The Minnesota-led Clear Roads winter maintenance program has profiled six state agencies’ experience with automatic vehicle location (AVL) and GPS in winter maintenance fleets to share best practices with other cold weather states. Strong support by these agencies drives robust use of the technologies for location tracking, asset monitoring and planning for future storms.
AVL and GPS have been widely embraced in winter maintenance operations by transportation agencies around the country. But tracking vehicle locations for operational and safety reasons only scratches the surface of these systems’ potential uses. Many agencies also use AVL/GPS to collect extensive data for planning, operations, safety and inventory tracking to improve efficiency and response strategies.
Need for Research
AVL and GPS have been used in winter maintenance operations for several years. While most agencies use AVL/GPS for tracking vehicle location, the technologies offer operational, safety, inventory and planning applications, as outlined in a 2016 Clear Roads synthesis report. How agencies actually employ these automatic data collection technologies has remained less well-known.
Objectives and Methodology
The goal of this project was to explore agencies’ experiences and best practices in planning, implementing and using AVL/GPS technologies for winter maintenance activities. The investigation began with a survey of state and selected metropolitan transportation agencies about their level of commitment to AVL/GPS implementation and the data the agencies collect, use and share.
Investigators worked closely with Clear Roads to identify levels of usage of the technologies. Then they selected six agencies that represented various commitment levels, interviewed staff from each agency and gathered relevant documents about agency use of AVL/GPS. Using the information obtained during the interviews, researchers prepared case studies of each agency and recommendations for other agencies to further implement and utilize the technologies.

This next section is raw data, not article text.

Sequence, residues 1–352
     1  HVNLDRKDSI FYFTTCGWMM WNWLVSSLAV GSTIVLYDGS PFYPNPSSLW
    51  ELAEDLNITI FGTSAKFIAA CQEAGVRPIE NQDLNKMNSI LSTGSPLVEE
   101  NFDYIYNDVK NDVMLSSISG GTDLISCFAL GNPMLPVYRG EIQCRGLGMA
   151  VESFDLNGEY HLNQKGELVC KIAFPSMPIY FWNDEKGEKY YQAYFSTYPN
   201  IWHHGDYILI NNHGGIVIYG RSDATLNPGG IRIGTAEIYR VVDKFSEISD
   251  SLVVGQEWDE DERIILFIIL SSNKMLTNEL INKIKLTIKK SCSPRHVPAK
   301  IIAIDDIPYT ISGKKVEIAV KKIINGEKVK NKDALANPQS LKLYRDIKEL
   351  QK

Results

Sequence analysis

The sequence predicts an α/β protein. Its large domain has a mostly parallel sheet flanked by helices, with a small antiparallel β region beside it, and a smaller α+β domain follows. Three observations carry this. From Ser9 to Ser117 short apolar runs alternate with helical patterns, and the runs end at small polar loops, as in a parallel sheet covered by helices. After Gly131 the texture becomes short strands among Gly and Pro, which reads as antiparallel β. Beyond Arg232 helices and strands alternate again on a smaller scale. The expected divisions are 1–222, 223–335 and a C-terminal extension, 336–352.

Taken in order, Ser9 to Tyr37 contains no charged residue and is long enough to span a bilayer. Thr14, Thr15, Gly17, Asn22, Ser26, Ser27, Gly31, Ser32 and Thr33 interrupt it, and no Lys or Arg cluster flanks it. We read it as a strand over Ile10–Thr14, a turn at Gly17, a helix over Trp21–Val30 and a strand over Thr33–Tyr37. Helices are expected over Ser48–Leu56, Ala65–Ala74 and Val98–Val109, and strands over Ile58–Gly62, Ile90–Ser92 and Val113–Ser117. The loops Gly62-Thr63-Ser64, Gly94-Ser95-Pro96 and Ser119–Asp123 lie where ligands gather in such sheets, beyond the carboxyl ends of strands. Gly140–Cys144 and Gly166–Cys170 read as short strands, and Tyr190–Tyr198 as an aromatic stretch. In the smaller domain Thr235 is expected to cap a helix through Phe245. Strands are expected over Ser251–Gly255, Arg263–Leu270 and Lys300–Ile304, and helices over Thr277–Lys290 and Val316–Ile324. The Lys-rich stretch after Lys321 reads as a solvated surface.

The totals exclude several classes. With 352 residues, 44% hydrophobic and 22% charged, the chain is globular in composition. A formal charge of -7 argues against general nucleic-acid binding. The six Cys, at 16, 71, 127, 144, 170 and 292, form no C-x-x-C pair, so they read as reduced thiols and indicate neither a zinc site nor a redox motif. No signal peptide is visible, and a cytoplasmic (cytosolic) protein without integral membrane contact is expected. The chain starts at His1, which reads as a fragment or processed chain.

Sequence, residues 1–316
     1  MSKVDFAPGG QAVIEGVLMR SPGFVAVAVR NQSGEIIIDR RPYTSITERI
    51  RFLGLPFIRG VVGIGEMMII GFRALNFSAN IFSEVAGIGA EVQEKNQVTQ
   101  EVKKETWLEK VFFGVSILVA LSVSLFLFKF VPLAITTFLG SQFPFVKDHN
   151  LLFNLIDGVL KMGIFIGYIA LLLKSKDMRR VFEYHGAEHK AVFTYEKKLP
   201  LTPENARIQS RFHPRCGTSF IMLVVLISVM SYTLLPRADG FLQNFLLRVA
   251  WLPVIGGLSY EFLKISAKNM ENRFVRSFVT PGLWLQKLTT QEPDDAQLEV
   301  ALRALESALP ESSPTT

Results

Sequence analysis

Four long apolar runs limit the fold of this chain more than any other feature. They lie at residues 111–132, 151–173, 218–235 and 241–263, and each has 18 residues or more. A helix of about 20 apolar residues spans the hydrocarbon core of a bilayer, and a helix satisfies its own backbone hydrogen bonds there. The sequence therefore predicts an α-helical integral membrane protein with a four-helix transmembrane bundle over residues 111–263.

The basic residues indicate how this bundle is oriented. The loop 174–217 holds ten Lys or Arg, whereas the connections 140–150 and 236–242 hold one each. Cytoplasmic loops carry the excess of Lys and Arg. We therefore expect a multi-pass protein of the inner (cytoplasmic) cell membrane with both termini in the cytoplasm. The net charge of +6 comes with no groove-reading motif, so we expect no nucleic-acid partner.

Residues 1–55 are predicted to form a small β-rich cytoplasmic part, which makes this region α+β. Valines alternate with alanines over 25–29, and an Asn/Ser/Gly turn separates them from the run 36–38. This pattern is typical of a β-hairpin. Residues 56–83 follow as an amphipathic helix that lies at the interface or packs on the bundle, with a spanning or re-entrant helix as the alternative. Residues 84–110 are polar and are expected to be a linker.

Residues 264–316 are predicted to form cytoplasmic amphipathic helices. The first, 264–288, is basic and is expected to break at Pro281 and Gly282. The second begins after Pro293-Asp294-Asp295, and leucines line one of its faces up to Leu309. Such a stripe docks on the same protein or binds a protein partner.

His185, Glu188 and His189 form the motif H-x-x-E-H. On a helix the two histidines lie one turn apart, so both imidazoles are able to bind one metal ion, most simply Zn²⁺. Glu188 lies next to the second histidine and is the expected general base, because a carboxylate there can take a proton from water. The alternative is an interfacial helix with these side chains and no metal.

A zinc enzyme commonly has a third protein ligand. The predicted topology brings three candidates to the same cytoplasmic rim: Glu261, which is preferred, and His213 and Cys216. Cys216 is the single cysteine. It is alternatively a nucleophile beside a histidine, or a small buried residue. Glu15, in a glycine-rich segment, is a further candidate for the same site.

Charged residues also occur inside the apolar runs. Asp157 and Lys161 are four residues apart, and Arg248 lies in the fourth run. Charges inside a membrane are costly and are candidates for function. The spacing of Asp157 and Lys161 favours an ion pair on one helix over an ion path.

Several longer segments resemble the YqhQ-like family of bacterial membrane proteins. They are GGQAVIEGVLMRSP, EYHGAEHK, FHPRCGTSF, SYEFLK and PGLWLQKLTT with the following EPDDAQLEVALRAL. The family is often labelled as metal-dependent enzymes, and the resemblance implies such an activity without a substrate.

Twenty-seven of the 38 agencies that responded to the survey reported using AVL/GPS to automatically collect winter maintenance data, while 36 of the 38 agencies indicated plans to add or expand use of the technologies in the future. Based on feedback from these agencies, researchers developed three levels of AVL/GPS use and categorized agencies according to the appropriate level.
Tier 1 agencies employ AVL/GPS for basic location tracking or monitoring. Utah DOT has mounted AVL/GPS behind the dashboard of every snowplow and incident maintenance truck (vehicles that assist stranded motorists on Utah’s roads and highways) in its fleet. The system connects with plow position sensors, tracks idling time and traveling speed, and reports plow locations on a publicly accessible website.